Bolyerine snakes have an upper jaw whose maxillary bone is divided into two segments connected by a hinge. This is completely unlike any other land animal. Evolutionists believe that these snakes evolved from animals with “normal” jaws. But how does a normal jaw evolve slowly over time into an upper jaw that has two separate pieces? Or, as evolutionist Stephen Jay Gould asked, “How can a jawbone be half broken?” 1
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Meyer, S. C. (2013). Darwin's Doubt: The Explosive Origin of Animal Life And the Case for Intelligent Design. New York: HarperOne.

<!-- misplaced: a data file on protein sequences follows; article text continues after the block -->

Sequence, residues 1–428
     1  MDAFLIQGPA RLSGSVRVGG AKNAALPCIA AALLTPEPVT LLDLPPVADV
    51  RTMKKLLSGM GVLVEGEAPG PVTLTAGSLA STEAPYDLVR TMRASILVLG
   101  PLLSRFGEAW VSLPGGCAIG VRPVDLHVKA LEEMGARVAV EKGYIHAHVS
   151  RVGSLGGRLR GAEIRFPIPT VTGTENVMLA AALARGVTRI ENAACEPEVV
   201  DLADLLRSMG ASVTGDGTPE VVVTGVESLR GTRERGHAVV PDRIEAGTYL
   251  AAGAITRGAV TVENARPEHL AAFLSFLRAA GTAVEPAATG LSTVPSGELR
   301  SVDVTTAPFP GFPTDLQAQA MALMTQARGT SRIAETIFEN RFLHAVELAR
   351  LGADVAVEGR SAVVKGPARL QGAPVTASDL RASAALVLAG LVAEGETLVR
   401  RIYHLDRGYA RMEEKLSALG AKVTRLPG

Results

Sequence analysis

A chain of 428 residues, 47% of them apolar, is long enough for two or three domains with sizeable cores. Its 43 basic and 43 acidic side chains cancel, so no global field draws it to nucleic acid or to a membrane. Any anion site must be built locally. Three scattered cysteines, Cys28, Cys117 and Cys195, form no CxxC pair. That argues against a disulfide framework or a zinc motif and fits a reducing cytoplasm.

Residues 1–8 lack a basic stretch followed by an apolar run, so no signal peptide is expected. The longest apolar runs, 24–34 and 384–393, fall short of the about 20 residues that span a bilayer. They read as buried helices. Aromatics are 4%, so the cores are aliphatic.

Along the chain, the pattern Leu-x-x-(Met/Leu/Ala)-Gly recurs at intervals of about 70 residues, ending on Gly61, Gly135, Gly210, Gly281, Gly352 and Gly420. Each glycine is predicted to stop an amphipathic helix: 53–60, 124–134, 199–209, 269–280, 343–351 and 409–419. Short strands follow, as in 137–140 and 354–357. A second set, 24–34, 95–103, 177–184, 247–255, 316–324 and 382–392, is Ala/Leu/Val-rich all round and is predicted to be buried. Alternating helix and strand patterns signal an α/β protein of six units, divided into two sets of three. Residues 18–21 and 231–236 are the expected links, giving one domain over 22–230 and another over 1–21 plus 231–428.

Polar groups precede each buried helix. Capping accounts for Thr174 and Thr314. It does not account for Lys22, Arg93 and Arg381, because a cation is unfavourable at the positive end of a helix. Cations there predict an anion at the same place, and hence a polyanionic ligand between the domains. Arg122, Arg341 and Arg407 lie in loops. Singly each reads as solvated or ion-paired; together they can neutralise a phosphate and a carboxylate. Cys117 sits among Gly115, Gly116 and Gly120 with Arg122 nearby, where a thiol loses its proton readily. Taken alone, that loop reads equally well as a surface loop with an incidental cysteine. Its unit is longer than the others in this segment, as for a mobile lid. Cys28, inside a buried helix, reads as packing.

- Meyer, 2013, p. 231: “As Stephen Jay Gould asked of the same system [the two-segment maxilla of the bolyerine snakes], “How can a jawbone be half broken?” Or as Frazzetta himself observed, “I thus find it difficult to envision a smooth transition from a single maxilla to a divided condition seen in bolyerines.” Yet because the intermediate forms would not be viable, building a bolyerine jaw would require all the necessary parts—the jointed maxilla, the adjoining ligaments, and the necessary muscles and tissues—arising together.” ↩